5. Start up with original Mac OS X Install DVD and C key held down (boot from disk). Chime. Apple logo. Lots of disk noise. Joy!

    5.a. Repair Disk. The volume appears to be OK.

    5.b. Repair Disk Permissions. Warning: SUID file "System/Library/CoreServices/RemoteManagement/ARDAgent.app/Contents/MacOS/ARDAg ent" has been modified and will not be repaired. Permissions repair complete.

    5.c. Quit Disk Utility. Quit Mac OS X Installer. Restart. Chime. Apple logo. Joy!

     

    Hopefully this is a permanent solution, and not just a temporary fix. Hopefully this helps someone else.

     

    //Matt

  • Linc Davis Level 10 Level 10 (169,200 points)

    The only part of what you did that actually changed anything was the safe boot. It rebuilt system caches that may have been outdated or corrupt. That should always be the first resort in case of a boot failure.

  • mysterycommand Level 1 Level 1 (0 points)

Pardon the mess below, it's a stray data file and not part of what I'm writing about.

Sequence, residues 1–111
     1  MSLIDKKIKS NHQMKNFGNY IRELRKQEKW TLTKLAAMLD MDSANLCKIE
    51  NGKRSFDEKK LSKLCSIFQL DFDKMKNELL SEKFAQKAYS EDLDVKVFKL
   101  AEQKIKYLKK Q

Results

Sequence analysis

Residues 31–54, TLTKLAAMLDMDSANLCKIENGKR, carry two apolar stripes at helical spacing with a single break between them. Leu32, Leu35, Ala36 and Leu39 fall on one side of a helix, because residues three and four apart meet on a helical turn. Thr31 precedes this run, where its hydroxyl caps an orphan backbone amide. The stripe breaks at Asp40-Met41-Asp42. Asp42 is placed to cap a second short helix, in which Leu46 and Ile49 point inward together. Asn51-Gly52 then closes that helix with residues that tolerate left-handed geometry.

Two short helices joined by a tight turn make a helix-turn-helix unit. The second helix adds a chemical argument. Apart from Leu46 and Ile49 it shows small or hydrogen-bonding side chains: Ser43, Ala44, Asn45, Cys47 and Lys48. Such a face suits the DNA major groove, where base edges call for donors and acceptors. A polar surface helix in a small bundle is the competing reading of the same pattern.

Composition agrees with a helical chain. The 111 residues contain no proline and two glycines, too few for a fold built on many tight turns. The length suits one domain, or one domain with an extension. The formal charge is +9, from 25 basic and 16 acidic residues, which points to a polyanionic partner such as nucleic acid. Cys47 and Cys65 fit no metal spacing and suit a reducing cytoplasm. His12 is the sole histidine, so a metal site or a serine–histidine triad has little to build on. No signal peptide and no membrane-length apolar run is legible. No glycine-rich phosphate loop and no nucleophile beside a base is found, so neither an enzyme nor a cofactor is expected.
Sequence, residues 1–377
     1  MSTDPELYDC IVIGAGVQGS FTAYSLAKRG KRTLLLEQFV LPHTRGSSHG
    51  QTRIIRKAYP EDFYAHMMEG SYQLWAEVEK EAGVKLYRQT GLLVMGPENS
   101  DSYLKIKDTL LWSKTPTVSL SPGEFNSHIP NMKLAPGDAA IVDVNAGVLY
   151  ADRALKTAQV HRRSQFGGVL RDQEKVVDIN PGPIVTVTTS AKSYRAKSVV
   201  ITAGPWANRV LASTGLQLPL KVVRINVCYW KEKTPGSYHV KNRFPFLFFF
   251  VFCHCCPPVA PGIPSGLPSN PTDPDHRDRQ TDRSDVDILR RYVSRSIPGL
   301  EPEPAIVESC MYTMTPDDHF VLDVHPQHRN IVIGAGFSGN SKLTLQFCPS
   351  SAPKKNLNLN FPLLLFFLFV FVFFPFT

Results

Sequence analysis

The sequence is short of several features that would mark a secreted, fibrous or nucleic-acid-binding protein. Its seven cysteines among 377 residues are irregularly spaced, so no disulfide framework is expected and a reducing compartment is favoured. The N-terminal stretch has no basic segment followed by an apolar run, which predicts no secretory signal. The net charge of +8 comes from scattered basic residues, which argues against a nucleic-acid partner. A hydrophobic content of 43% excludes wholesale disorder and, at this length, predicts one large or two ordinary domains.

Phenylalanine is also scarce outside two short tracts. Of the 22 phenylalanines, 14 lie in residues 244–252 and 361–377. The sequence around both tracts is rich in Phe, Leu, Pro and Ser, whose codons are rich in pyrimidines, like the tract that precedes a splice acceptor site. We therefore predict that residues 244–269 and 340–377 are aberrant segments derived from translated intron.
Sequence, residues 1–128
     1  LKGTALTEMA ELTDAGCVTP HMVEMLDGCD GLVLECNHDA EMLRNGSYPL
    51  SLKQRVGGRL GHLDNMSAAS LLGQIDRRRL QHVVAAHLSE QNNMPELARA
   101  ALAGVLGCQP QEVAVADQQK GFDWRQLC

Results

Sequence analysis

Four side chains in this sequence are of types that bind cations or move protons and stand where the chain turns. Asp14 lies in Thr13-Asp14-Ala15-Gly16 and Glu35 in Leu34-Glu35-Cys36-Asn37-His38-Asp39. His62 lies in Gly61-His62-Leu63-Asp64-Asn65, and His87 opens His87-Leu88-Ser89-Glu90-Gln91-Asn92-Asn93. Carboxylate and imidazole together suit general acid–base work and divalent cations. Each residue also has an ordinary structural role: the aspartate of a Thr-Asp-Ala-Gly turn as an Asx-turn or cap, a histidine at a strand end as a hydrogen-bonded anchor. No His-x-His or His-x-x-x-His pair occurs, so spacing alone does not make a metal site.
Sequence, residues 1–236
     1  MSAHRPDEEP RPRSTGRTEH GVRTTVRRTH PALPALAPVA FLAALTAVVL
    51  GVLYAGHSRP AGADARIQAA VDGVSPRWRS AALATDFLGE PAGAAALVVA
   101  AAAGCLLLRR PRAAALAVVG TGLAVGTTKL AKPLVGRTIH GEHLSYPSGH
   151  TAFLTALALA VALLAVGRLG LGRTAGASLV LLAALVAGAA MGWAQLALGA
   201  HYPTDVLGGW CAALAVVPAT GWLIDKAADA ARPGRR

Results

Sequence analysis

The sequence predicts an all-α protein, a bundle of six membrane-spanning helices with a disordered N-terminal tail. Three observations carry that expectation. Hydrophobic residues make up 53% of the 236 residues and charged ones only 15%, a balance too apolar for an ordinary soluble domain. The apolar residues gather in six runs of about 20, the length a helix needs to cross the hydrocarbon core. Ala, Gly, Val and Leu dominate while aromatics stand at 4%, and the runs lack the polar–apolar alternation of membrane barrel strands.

That's curious to me, since I did the Safe Boot in step two (the first thing I did when I saw there was a problem) and it didn't boot to a desktop in "Safe Mode" and it didn't boot to a desktop at all through three more steps. Steps which you seem to be saying didn't do anything anyway.

     

    As a side note, my computer has been running with fans at full blast since it finally started up. Not sure what that's about either since it doesn't feel particularly hot.

  • Linc Davis Level 10 Level 10 (169,200 points)

    As a side note, my computer has been running with fans at full blast since it finally started up.

     

    Launch the Activity Monitor application. Select "All Processes" from the menu in the toolbar, and click on the heading of the "%CPU" column to order the process table by CPU usage. You may have to click it again to get the table in descending order. What is the most active process (excluding activitymonitord) and what is its usage?